It was the ultimate start-up, and Betsy Myers was the perfect person for the job.
She’d spent the recent years of her career either planning strategies for new organizations or refocusing those that needed it. When the presidential campaign of Illinois Sen. Barack Obama came calling in early 2007, Myers took a meeting with the charismatic presidential hopeful.
“I basically turned my life upside down and moved within about two weeks,” she says. As chief operating officer, she commuted between Virginia and Chicago until husband Rob Keller and their 5-year-old daughter made the move. Myers oversees the campaign’s day-to-day operations, from hiring employees and equipping their work environment to supervising the campaign’s budget and handling travel logistics.
“I love start-up projects,” Myers exudes. “I’m very good at putting teams together. For me as a COO, what a challenge to be able to come in and be a part of something that was really historic.”
But she’s been in that role before, too. Myers started the first White House Office for Women’s Initiatives and Outreach, serving as President Bill Clinton’s deputy assistant and director of women’s initiatives. Before joining the Obama campaign, she was the executive director of the Center for Public Leadership at Harvard University.
High-powered challenges suit Myers, who radiates confident energy. She talks quickly, but every word is well thought-out. Her glassed-in office in downtown Chicago is inviting, in keeping with her demeanor. The only art on the wall is an abstract piece, all swirls of pink, green and yellow — an original painting by daughter Madison, who sometimes visits the office.
“I want her to know about all this stuff — what mommy’s doing, why I’m doing it, why it’s important,” Myers says. She recently took her daughter to an event by Women for Obama, a group Myers leads.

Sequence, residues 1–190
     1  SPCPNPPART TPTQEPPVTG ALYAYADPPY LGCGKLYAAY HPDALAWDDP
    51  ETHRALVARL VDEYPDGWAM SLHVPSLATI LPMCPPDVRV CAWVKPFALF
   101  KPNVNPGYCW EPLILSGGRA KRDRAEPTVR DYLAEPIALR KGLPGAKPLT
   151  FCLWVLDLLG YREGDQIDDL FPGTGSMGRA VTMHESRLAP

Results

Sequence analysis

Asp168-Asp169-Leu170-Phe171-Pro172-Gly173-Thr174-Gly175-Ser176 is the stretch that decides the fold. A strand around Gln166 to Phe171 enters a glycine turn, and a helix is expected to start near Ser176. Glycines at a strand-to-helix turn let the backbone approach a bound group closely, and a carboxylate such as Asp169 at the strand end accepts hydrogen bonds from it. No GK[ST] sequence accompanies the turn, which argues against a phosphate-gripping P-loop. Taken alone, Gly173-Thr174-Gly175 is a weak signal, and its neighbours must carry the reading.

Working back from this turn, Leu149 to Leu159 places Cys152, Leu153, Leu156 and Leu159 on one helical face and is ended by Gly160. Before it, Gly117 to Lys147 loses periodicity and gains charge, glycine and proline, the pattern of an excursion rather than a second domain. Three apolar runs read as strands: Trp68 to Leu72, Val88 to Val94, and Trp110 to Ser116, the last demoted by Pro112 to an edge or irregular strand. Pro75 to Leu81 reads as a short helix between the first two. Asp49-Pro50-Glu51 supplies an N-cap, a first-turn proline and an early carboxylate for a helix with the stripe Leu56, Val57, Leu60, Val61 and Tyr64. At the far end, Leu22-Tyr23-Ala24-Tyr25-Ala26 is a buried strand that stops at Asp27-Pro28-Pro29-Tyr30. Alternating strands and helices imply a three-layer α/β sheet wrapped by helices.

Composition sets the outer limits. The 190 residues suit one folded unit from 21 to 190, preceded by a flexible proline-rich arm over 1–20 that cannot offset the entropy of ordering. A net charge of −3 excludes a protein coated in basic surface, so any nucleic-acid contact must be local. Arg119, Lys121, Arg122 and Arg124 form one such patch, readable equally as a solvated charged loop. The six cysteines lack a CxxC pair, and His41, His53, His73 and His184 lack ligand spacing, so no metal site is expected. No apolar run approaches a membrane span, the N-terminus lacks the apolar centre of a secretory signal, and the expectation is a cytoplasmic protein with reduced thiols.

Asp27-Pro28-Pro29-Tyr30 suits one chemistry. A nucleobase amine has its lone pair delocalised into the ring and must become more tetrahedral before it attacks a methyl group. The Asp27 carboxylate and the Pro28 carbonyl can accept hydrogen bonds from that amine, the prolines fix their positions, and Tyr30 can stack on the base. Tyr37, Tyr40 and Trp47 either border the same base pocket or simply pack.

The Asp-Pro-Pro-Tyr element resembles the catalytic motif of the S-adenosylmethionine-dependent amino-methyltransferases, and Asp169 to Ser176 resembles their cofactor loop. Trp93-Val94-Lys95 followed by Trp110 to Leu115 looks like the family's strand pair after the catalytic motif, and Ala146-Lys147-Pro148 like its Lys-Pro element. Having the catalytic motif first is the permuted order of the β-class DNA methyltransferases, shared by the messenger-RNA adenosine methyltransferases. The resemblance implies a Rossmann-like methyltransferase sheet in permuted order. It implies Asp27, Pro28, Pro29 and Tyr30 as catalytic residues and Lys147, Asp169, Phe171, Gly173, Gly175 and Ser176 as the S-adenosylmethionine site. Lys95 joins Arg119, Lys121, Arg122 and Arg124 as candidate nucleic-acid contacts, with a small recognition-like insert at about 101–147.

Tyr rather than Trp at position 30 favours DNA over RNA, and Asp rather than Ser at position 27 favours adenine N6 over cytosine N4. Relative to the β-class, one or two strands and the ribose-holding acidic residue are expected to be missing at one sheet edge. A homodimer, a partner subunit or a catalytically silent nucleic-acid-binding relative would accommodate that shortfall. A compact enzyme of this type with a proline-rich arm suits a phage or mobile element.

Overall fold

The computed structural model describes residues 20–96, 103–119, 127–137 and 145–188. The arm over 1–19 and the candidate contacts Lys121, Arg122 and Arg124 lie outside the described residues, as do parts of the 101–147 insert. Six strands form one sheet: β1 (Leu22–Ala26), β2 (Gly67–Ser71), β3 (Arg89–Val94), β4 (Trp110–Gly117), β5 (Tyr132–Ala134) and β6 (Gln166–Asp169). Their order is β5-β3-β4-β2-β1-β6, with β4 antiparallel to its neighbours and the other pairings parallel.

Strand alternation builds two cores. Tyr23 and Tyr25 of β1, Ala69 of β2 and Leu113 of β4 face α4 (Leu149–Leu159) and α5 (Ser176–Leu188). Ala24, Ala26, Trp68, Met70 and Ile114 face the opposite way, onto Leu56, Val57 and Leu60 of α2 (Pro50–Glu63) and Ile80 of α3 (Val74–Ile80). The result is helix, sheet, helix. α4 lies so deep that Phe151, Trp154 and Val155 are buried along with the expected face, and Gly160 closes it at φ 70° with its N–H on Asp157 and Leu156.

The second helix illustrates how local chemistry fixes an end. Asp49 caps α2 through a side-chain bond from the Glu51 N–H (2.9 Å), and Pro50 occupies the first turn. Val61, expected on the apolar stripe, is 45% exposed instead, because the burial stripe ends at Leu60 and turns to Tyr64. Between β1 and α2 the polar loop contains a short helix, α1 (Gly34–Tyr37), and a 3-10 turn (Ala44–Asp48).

“It was her first political event. She got to hear people speaking. It’s was important for her. My mother did the same thing for me,” Myers says. That involvement obviously had an impact; one of Myers’ two sisters is Dee Dee Myers, former President Clinton’s first press secretary. Myers, who earned an undergraduate degree in business from USD in 1982, loved her time on campus. “Honestly, when I left USD it took me about a year to get over not being there,” she recalls. While a student, she put her characteristic energy to good use, running for office and co-founding the Alcalá Women’s Club — a precursor to today’s Alcalá Club — to provide hostesses for the president of the university’s events and foster business contacts for the students.
She and Dee Dee both worked on the Mondale-Ferraro campaign; it was there that Myers was bitten by the political bug.
“You get into that world. I just always think that politics is a really fascinating place to be,” Myers says. “My time in the White House was probably the highest privilege (of my life), to really be in a place where you can make such a difference in the lives of so many people.”